Figure 3 Key Performance Counters

Object Counter Instance Definition Expected Value
Logical Disk Disk Transfers/sec All The amount of disk I/O per second. Total of Reads/Writes—this is the actual IOPS figure.
Disk Reads/sec All The rate of read operations on the disk. No expected value since this varies widely based on environmental factors.
Disk Writes/sec All The rate of write operations on the disk. No expected value since this varies widely based on environmental factors.
Avg Disk sec/read All The latency associated with each read from disk. At all times, this value should remain below 20ms for the database drives and 10ms for log file drives.
Avg Disk sec/write All The latency associated with each write to disk. This value should be below 10ms for the database and log file drives at all times.

Using Exchange Profile Analyzer

LoadSim generates workload against Exchange to simulate Outlook client activities. The difficulty is in accurately specifying that workload. LoadSim provides several predefined profiles—Medium and Heavy being the recommended profiles for pre-deployment scalability testing. The profiles represent collections of Outlook tasks, such as reading and sending e-mail, creating meetings, and browsing public folders. To get the most out of LoadSim, you need to customize the workload profiles. This is where the EPA comes in.

The EPA generates statistical usage data from Exchange by analyzing existing mailboxes. The results can then be interpreted and used to create a custom LoadSim workload profile.

We recommend that you run EPA remotely and use it to profile Exchange 2000 SP3 or Exchange 2003. The tool is intended for use in production environments, which introduces some potential concerns regarding security and system performance.

EPA accesses mailboxes directly using WebDAV. EPA requires access to every mailbox it analyzes, and this is explicitly denied by default to members of the Enterprise and Domain Administrators groups. Therefore, you must create an account for EPA that is not a member of either of these groups and grant the account Exchange View Only permissions at the Administrative Group or Organization level using Exchange System Manager (ESM). You also need to grant Receive As and Send As permissions to the account on each server with mailboxes being profiled. No changes are made to the mailboxes being profiled. Unread items, for example, remain unread. The only change is the last logon time.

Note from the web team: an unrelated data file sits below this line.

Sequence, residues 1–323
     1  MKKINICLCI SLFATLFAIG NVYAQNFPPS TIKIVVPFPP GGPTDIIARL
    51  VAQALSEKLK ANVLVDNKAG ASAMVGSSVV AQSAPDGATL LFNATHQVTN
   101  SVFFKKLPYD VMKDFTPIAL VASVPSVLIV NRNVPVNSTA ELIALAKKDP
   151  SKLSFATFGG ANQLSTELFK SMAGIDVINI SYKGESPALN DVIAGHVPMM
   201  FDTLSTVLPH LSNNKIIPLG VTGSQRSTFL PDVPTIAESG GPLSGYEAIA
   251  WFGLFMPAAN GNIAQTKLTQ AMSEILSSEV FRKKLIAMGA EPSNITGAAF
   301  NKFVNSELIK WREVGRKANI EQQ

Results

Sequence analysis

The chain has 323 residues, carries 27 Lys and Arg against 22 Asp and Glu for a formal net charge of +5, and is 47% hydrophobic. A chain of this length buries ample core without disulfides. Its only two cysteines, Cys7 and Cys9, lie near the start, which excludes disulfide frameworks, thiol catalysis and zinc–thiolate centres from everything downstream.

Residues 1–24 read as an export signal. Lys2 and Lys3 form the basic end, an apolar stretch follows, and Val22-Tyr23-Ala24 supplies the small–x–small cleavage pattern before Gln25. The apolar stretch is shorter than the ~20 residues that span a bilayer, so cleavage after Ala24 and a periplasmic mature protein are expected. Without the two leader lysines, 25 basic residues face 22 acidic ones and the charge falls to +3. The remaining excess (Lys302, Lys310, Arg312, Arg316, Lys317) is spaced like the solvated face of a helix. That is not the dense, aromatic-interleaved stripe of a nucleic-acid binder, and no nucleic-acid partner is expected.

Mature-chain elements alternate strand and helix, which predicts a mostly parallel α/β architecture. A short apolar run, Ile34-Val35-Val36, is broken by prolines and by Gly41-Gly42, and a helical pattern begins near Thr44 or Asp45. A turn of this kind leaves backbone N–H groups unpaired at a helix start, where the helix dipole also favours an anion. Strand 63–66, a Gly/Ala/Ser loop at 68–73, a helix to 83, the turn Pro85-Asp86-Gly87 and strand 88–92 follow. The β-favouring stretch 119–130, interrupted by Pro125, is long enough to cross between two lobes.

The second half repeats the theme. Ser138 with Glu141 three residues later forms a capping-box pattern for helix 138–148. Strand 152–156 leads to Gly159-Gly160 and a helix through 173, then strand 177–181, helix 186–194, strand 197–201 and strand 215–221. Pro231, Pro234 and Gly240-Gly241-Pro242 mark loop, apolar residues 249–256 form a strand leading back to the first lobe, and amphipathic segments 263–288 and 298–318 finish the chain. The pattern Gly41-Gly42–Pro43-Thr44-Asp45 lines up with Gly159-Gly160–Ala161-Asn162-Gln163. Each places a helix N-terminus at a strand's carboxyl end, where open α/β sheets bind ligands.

EPA profiles mailboxes at a rate of about 0.5 to 1.0MB per second. You may want to target only a representative subset of Exchange users. The impact of EPA is similar to a cached mode full sync. Due to the impact EPA can have on a mailbox being profiled, we suggest you run the tool outside of normal hours. (A profiling job can be scheduled to run using a configuration file and the command-line version of the tool. But in this article, we’re concentrating on the GUI version of EPA.)

An EPA job can be targeted at the store level, and even at only those mailbox items created within a particular timeframe. You could tell EPA to look at all the mailbox stores in Storage Group One, but only items from the last 72 hours. This flexibility can help you limit the impact on the production environment.

For your first look at EPA, consider using LoadSim to initialize some test mailboxes using the built-in LoadSim profiles. Create two storage groups and initialize the first with some Medium users and the second with the Heavy profile. Then install EPA, fire it up, and select Connect to Active Directory. The tool offers a number of configuration options, some of which are detailed in Figure 4.

Figure 4 Configuration Options in EPA

Option Description
Active Directory You can specify a Global Catalog (GC) server in the forest that is hosting Exchange or you can leave this blank to use a GC in the current forest.
Open Configuration Use this to load a previous configuration. The GC and login account can be saved to an XML file for reuse.
Logging\Stats Option This lets you specify logging level. You can specify whether to collect statistics on individual mailboxes, which will increase the size of the output log file. By default, data is reported anonymously with each mailbox represented by an ID number.
Specify a time frame This, obviously, is used for specifying a time frame to look at. By default, it looks at yesterday and will not analyze your LoadSim data if you created it today.
Select the mailbox stores to be profiled EPA will display the Admin Groups, servers, and mailbox stores that can be profiled. This lets you select a representative set of information stores. Bear in mind the time it can take to profile mailboxes. And note that the System Attendant mailbox will generate an exception as this URL can’t be crawled.

Once you’ve specified all your configuration options, you can click Start Collect. If you have multiple stores with the same name on the same server, the respective report can’t be viewed at the individual store level. Be sure to rename any stores with duplicate names. For example, if you have multiple storage groups, each with a Mailbox Store One, you will need to rename them to something like Mailbox Store One (First Storage Group) and Mailbox Store One (Second Storage Group).